I was prescribed Sertraline (Zoloft) in 1998 when I had postnatal depression. I was told to take it for a year to 18 months. I went from deep depression/anxiety to euphoria in the space of about two weeks, I felt pretty damned fantastic, there was nothing I couldn’t handle. As time went on I continued to feel well but my emotions were dampened down, so I was functioning well, no depression, but no “joy” either. After a few months of feeling well I decided I didn’t want to be on Sertraline anymore, didn’t read the patient information leaflet or talk to a doctor, not that that would have helped anyway. I just stopped taking them. My head felt terrible, it began to feel water logged, if I turned my head there was a time lag between my eye balls catching up with the fact that my head had turned, so dizzy, gradually intense sadness would kick in, really really intense sadness and anxiety, oh the anxiety, pumping adrenaline and nerves shot to bits. I went back on the Sertraline.
The doctor told me to do the alternate day thing, alternate days for a fortnight,then every third day for a fortnight, then one tablet a week, I did this various times over the next few years to no avail. I tried a pill cutter and halving the tablet, it wouldn’t break down easily without crumbling so that was unsuccessful. Every time I tried something, I ended up in worse shape than the time before, it was all getting steadily worse. I tried meditation, healing, exercise, cognitive behavioural therapy, counselling, fish oil capsules, NOTHING touched it. I pressured my surgery to refer me to a psychiatrist for advice,but the psychiatrist had no clue and could only recommend switching to another drug. I did switch to Citalopram for a while, and Mirtzapine, I felt constant fatigue on Mirtzapine, and then back to Sertraline. Yet another psychiatrist recommended halving my dose of Sertraline and taking diazepam to mitigate the withdrawals, so replace one powerful drug with an even more powerful addictive drug.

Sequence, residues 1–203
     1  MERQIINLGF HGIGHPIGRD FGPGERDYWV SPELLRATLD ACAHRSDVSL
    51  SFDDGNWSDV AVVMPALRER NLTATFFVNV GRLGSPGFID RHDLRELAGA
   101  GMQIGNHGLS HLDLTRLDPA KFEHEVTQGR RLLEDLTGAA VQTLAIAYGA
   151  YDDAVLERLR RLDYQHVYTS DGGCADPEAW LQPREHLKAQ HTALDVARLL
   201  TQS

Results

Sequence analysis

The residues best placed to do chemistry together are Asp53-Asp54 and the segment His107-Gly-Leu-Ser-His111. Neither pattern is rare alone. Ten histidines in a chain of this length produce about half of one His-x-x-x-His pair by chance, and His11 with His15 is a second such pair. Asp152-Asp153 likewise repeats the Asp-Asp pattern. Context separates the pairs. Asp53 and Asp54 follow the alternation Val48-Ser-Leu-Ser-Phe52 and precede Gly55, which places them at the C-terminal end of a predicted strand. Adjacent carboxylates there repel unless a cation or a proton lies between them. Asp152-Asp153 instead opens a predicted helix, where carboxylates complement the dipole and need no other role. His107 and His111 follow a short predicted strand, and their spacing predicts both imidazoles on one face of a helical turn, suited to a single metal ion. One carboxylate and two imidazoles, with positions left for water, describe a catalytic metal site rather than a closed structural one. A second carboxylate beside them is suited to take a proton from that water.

This is my description of how withdrawal felt from my blog, I only recently found out that what was happening had a name,akathisia:
“5am and for about the 3rd night in a row I’ve barely slept, I can’t stop the adrenaline pumping round my body, my stomach is tightly knotted, I’ve barely been able to eat properly it makes me feel sick. I’m clammy, sweating and crying and P is trying to reassure me, but he has to go to work. I get up and drag myself through all the motions of the day and making sure boys get to school, I feel like the living dead, I make sure they get fed and make sure they and no one else is aware of what’s going on, I don’t hang around at the school gates. Oh I do kind of tell a few people I’m not really feeling right but I play it down.
The constant adrenaline is tormenting me on the inside and I can’t stop it.It’s been building up over a period of months and I’ve been fighting and fighting the feelings but it seems to have reached a peak of exquisite torture.It’s like being at the top of a roller coaster that never stops. Someone else mentioned birdsong, and it was a funny thing, the torture was worse in the mornings and over the summer months while it was slowly building, birdsong in the morning outside the window had become a kind of torture as well. I had to go to work only 2 days a week and God only knows how I managed it. I had taken
my last Sertraline tablet months ago, and come off it as per the doctors instructions, and now my depression/anxiety was back tenfold to punish me for daring to presume I could stop taking it. I must be wired up wrong, no one else feels like this do they? What is wrong with me? Maybe I really am insane, maybe I just can’t cope with life without my tablets, how come everyone else can cope with life, and I can’t? There must be something fundamentally wrong with me. By now the Orwell Bridge was beginning to look a bit attractive and I just wanted to escape the adrenaline surges torturing me, my nerves were in shreds”.